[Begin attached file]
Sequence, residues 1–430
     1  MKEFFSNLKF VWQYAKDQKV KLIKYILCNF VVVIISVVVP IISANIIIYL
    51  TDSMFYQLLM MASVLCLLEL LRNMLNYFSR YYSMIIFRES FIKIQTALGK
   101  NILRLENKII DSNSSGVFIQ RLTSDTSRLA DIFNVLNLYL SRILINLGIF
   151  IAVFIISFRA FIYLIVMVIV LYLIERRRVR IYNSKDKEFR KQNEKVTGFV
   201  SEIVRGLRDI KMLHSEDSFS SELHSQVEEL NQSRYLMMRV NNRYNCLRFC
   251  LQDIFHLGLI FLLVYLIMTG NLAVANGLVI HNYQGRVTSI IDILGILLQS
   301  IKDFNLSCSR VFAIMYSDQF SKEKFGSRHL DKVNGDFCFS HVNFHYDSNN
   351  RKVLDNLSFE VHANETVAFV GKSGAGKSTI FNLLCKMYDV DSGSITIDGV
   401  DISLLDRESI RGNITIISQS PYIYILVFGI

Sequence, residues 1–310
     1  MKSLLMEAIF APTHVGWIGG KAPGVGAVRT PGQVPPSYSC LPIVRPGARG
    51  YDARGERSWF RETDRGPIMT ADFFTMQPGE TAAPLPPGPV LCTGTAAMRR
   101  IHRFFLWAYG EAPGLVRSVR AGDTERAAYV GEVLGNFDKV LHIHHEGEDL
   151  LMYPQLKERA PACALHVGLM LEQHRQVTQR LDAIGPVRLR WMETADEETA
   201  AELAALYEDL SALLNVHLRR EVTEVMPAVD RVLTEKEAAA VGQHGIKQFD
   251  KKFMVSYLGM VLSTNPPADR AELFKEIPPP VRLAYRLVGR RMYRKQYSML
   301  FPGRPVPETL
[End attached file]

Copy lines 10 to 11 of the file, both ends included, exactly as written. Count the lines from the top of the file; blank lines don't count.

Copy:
   401  DISLLDRESI RGNITIISQS PYIYILVFGI

Sequence, residues 1–310